Interface Engineering of Next Generation Lithium Metal Anodes Using Atomic Layer Deposition

Sunday, October 11, 2015: 15:20
Phoenix East (Hyatt Regency)
M. Noked, A. C. Kozen, A. J. Pearse (University of Maryland), M. A. Schroeder (University of Maryland), C. F. Lin (Institute for Systems Research), L. Hu (University of Maryland, college park), S. B. Lee (Department of Chemistry), and G. W. Rubloff (Department of Materials Science and Engineering)
Protection of lithium metal is of significant interest to the battery community: as the lightest and most electropositive alkali metal, lithium has a low density, resulting in an extremely high specific capacity value of 3.86Ah/g and energy density of 11,701Wh/kg, making it the holy grail of battery anodes.  However, due to the extreme reactivity of lithium metal surfaces, controlled protection and characterization are extremely difficult.

We have developed a bespoke integrated deposition, transfer, and characterization system capable of coating lithium metal anodes using Atomic layer deposition (ALD), characterizing the surface chemistry using XPS/SEM/UPS/Auger spectroscopy, and transfer directly from UHV into an Ar glovebox for battery assembly, disassembly, and electrochemical testing.  After testing, the metal anodes can be transferred directly back to the XPS/SEM/UPS/Auger system for characterization.

Protection coatings for lithium metal require the coatings be conformal, easily deposited at low temperature, and stable against organic electrolytes.  Preventing direct contact of the lithium metal surface with the electrolyte and any dissolved species that would ordinarily react will ensure that the lithium atoms are oxidized in a reversible manner, rather than losing ions/electrons to highly stable, low ionic conductivity surface species such as Li2CO3.  Lithium metal protection may allow the relaxation of purity requirements for both electrolytes and, in the case of Li-O2 batteries, cathode gas purity.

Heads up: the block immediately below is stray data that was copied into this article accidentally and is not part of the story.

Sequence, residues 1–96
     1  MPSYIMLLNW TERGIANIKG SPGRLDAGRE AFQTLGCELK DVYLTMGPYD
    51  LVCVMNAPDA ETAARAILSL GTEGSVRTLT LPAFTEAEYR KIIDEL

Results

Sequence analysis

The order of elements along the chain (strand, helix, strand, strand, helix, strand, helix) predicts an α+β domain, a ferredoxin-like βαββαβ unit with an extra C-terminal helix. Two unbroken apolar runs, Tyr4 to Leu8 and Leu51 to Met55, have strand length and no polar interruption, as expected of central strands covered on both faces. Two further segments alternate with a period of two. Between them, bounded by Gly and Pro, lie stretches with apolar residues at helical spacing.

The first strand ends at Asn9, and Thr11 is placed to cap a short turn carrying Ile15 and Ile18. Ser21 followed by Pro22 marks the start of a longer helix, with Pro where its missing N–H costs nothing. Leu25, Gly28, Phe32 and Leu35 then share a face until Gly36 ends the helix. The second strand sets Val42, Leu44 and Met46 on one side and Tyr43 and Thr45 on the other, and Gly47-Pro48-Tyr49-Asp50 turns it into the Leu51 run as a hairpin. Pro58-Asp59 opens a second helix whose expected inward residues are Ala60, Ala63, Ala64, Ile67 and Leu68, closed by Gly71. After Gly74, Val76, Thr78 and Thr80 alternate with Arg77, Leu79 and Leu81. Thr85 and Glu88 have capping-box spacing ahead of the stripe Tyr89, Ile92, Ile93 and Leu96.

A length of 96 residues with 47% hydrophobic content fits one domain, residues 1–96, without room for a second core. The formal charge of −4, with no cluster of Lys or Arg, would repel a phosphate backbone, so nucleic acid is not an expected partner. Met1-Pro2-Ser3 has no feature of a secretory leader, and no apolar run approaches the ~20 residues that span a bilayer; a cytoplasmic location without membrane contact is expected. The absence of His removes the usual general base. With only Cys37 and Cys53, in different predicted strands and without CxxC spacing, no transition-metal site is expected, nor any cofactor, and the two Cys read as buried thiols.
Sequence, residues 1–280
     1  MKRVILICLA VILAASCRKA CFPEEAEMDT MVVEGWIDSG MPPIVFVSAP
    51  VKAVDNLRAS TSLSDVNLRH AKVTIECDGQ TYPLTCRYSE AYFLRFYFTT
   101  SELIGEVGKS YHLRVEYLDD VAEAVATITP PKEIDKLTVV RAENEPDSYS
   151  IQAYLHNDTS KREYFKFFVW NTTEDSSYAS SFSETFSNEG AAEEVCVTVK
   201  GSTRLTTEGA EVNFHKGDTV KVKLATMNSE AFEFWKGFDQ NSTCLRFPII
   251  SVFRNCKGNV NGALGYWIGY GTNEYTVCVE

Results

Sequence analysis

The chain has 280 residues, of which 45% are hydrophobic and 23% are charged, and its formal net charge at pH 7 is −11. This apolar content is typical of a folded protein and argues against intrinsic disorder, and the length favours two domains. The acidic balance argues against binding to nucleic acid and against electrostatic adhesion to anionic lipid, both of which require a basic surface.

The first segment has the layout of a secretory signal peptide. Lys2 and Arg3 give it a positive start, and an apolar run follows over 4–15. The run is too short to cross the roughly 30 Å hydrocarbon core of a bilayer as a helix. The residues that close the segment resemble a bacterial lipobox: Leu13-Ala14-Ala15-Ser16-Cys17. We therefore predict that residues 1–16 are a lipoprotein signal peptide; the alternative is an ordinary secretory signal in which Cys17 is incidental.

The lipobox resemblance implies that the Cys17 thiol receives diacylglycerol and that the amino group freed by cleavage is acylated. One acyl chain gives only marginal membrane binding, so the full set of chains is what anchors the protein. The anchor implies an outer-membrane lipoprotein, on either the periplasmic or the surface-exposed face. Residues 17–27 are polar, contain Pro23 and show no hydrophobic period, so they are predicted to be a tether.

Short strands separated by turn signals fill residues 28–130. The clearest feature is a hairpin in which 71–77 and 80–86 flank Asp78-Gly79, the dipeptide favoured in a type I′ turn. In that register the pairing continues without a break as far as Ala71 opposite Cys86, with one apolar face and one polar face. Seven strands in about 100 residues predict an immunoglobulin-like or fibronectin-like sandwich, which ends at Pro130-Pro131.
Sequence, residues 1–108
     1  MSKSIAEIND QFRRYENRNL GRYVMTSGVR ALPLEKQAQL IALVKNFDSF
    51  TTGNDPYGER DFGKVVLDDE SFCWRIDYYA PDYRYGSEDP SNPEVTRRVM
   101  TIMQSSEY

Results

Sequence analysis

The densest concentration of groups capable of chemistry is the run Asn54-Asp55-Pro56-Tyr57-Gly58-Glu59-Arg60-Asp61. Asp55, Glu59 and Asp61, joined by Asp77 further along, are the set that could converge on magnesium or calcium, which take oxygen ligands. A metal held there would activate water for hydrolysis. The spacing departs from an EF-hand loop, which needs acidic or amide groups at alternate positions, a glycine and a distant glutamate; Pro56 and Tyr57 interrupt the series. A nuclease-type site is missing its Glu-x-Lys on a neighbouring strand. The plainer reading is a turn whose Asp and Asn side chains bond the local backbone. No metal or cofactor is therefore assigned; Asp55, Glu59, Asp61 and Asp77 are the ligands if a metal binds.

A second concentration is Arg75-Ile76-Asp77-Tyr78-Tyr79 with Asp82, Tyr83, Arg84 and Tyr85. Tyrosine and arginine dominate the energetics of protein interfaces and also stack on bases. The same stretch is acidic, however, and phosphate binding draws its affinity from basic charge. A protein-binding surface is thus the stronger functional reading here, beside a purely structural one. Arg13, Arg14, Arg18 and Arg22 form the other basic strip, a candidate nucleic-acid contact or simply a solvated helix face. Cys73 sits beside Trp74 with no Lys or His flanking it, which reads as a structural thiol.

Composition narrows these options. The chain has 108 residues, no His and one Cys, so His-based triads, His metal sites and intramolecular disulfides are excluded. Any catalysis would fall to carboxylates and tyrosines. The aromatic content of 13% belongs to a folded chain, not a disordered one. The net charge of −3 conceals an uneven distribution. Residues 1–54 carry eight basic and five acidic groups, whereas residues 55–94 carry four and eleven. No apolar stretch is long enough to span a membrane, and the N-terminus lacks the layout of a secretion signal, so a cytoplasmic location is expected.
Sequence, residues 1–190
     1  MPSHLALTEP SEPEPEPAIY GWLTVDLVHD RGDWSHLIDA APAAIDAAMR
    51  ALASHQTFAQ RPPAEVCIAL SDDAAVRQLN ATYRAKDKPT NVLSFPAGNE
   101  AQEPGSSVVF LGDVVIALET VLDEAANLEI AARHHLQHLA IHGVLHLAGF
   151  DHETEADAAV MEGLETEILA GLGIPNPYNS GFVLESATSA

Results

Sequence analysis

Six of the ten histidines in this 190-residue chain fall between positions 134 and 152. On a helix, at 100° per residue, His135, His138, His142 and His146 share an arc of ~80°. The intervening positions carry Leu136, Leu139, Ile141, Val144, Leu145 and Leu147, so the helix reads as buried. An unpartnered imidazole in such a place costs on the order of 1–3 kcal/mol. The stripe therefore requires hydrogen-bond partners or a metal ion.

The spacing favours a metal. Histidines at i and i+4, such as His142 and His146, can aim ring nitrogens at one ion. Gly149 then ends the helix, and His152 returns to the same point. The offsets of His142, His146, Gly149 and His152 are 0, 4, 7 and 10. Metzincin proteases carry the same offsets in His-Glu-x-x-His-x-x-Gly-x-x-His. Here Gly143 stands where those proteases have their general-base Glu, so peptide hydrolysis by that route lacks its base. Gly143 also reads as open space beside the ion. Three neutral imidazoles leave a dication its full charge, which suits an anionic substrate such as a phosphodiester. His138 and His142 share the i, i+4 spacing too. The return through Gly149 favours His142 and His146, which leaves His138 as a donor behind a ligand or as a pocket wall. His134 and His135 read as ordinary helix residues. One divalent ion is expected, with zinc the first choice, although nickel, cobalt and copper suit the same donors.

To date, Li metal protection has been demonstrated with coatings of chlorosilanes[1] and other polymeric[2], organic[3], and inorganic coatings, but ALD has not been applied directly to lithium metal anodes for the purposes of protection.  Known for conformality, low temperature deposition, excellent thickness control, ALD serves as an excellent permeation barrier, suggesting that it can be pinhole-free a promising technique for this application.

We have developed ALD processes suitable for the protection of Li metal, and we assess the behavior of these functional ALD coatings electrochemically using over-potential studies and electrochemical impedance spectroscopy measurements.

 Surface characterization by semi in-situ XPS of protected and pristine lithium metal subjected to both gaseous environments and electrolytes with controlled/measured H2O content will be discussed, where the surface characterization is accomplished without ambient air exposure.

We show that protection of lithium metal is not only possible with ALD, but that it is effective at preventing the tarnishing of the lithium metal surface due to reaction with atmospheric H2O and CO2.  Using our unique capabilities, we are able to probe the chemistry of both protected and unprotected lithium metal, while using in-situ gas dosing we can decouple and characterize the interface chemistry and reactions.

We demonstrate as a proof of concept that a 14 nm thick, ALD Al2O3 layer can protect the Li surface from corrosion due to atmosphere, sulfur, and electrolyte exposure. 

Furthermore, using Li-S battery cells as a test system, we demonstrate an improved capacity retention using ALD protected anodes over cells assembled with bare Li metal anodes for up to 100 cycles.

This work has implications and impact on the metallic lithium anode battery systems Li-O2, Li-S and Li-NMC. Additionally, it is promising to pursue corresponding protection layers for Mg ad Na, where similar deleterious surface reactions may apply.  Fundamental understanding of the controlled surface protection of lithium by ALD coatings could be extended to these other next-generation metal anode battery systems, and indeed could have a beneficial impact on the cyclability and storage lifetimes of lithium metal anode batteries.


[1]         F. Marchioni, K. Star, E. Menke, T. Buffeteau, L. Servant, B. Dunn, and F. Wudl, “Protection of Lithium Metal Surfaces Using Chlorosilanes,” Langmuir, vol. 23, no. 23, pp. 11597–11602, Nov. 2007.

[2]         S. M. Choi, I. S. Kang, Y.-K. Sun, J.-H. Song, S.-M. Chung, and D.-W. Kim, “Cycling Characteristics of Lithium Metal Batteries Assembled with a Surface Modified Lithium Electrode,” J Power Sources, vol. 244, no. c, pp. 363–368, Dec. 2013.

[3]         J. Heine, S. Krüger, C. Hartnig, U. Wietelmann, M. Winter, and P. Bieker, “Coated Lithium Powder (CLiP) Electrodes for Lithium-Metal Batteries,” Adv. Energy Mater., pp. 1–7, Nov. 2013.